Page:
Leaf from Illuminated Manuscript of the Jnaneshvari (Primary Title)
Sanjaya Tells His Blind Kings of the Battle (Recto Title)

Unknown (Artist)

1763
Indian
Manuscripts
Paintings
Works On Paper
opaque watercolor, ink and gold on paper
Deccan, Maharashtra, Nagpur, India
Sheet: 14 5/8 × 9 13/16 in. (37.15 × 24.92 cm)
Mat: 20 × 16 in. (50.8 × 40.64 cm)
91.9.7
Page "Illuminated Manuscript of the Jnaneshvari" (91.9.1-628)
The Jnaneshvari opens on the Kurukshetra battlefield, where two intermarried but feuding families—the Pandavas and the Kauravas—are preparing for war. Behind the battle lines, the blind Kaurava king, Dhritarashtra, asks his advisor, Sanjaya, to describe the confrontation. Sanjaya, who has the gift of observing events at a distance, relays to the old man everything he sees and hears, the Bhagavad Gita being this recitation. Dhritarashtra, blind and bearded, is shown seated on a throne. A servant cools him with a peacock-feather fan, and Sanjaya sits before him on a low chair telling the story. The Gita’s first verse, written in gold, and Jnanadeva’s commentary on it appear below them.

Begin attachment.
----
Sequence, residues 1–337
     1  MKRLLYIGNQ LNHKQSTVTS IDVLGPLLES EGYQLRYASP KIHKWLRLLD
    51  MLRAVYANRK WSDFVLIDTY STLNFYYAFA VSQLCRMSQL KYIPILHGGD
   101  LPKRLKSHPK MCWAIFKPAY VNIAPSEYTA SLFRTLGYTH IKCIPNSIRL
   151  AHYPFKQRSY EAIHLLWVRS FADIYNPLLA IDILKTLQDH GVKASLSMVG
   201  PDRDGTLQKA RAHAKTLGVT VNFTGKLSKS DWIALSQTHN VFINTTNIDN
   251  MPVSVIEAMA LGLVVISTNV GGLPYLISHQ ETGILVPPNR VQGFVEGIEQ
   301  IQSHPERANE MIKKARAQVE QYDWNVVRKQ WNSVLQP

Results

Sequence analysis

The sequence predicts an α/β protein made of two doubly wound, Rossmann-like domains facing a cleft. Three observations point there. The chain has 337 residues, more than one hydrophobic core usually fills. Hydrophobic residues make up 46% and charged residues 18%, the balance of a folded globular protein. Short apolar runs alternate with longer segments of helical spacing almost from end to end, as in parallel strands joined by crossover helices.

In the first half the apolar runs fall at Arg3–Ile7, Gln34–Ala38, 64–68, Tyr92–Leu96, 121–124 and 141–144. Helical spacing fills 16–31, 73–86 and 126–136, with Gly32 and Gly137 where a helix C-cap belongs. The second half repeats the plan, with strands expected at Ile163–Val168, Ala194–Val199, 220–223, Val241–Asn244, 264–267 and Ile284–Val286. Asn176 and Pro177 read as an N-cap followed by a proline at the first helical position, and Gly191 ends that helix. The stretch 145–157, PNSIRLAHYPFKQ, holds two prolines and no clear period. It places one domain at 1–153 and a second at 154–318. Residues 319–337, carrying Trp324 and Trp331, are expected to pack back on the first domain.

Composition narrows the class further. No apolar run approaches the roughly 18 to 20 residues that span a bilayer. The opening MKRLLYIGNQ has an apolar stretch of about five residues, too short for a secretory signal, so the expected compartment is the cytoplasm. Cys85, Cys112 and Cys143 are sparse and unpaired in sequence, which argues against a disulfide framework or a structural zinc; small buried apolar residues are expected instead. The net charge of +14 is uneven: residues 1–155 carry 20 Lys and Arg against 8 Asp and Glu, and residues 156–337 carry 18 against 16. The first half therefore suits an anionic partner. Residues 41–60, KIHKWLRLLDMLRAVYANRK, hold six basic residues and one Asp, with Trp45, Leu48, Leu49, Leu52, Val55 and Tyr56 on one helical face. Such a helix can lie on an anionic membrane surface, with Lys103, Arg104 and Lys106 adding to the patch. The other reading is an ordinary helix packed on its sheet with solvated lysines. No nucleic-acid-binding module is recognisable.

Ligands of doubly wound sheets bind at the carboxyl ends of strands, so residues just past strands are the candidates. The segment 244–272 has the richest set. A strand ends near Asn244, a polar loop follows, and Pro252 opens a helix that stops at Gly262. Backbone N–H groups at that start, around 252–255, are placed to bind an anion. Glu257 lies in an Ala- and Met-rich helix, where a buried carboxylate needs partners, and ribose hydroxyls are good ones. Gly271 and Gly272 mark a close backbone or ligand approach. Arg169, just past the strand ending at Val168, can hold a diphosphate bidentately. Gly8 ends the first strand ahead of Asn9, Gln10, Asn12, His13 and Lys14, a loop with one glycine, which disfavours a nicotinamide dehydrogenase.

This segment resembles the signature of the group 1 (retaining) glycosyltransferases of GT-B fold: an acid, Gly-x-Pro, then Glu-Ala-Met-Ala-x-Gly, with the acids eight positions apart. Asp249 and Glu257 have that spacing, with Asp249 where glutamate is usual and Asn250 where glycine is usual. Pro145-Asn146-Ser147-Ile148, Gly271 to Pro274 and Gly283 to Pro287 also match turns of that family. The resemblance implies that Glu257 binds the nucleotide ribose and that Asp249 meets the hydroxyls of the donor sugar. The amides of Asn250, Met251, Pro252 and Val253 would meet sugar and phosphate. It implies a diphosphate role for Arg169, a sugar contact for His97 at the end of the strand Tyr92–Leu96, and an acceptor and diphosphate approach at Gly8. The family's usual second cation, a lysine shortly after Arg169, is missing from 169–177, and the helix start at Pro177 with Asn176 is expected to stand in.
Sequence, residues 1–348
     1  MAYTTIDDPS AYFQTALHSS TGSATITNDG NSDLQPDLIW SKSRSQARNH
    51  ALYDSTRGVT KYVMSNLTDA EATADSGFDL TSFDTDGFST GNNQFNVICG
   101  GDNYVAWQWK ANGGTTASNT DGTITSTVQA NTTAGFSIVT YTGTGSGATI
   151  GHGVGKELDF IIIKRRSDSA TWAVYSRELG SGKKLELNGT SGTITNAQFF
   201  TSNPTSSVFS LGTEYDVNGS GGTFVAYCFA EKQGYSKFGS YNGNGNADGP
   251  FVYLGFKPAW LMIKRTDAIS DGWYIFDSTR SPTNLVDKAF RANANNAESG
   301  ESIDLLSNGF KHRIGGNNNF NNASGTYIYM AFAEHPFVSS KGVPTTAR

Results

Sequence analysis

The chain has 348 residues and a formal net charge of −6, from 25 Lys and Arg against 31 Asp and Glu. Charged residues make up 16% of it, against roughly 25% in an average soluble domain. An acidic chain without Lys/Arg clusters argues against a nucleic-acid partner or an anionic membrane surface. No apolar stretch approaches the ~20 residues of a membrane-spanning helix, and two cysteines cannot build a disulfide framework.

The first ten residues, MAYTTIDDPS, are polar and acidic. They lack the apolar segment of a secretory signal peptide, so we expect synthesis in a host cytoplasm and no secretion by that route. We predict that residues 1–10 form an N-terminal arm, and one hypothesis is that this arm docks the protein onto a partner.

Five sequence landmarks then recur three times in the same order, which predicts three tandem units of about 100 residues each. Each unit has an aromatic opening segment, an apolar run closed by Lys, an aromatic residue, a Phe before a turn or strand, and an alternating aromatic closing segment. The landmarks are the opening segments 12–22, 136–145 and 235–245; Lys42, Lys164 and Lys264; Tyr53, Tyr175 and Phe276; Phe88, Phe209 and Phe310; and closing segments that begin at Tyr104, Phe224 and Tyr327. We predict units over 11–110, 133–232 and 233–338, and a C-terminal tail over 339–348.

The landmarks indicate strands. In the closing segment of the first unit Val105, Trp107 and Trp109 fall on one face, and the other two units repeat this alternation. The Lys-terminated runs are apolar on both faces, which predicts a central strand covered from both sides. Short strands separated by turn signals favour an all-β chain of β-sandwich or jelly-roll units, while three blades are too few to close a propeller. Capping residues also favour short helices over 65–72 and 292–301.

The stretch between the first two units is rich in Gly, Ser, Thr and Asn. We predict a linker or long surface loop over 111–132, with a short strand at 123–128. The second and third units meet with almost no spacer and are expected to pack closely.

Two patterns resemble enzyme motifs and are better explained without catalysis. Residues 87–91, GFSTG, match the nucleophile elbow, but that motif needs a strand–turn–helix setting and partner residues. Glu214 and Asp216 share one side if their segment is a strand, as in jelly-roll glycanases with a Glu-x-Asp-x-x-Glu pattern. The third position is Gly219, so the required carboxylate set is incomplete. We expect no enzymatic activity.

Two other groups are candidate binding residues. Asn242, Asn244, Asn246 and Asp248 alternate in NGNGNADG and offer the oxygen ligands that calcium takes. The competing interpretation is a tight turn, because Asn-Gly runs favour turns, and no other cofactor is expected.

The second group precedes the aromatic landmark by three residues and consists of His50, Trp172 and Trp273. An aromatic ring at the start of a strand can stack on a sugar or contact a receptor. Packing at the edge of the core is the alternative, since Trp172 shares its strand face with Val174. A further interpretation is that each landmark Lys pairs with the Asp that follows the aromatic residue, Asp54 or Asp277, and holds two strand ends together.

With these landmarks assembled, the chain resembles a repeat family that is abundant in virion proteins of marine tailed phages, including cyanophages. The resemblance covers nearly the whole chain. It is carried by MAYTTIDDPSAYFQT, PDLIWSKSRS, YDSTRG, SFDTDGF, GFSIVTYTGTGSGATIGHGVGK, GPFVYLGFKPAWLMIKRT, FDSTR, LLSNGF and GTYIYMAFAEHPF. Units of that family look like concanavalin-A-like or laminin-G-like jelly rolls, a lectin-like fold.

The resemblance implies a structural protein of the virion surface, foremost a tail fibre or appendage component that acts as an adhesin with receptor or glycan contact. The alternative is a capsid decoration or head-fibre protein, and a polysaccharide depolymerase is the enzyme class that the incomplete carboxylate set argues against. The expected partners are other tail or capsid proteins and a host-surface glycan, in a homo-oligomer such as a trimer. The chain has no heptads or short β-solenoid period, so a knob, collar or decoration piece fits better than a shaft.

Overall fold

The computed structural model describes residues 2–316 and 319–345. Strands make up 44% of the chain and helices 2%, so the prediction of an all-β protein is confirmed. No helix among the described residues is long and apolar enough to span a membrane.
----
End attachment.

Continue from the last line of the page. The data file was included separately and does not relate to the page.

Adolph D. and Wilkins C. Williams Fund
"Picturing Philosophy," VMFA, November 21, 2001-February 24, 2002
B.N. Goswamy, "The Word is Sacred, Sacred is the Word: The Indian Manuscript Tradition," New Delhi: Niyogi Books, 2007, pp. 170-171.

Poster for Richmond's Festival of India, October 2006.

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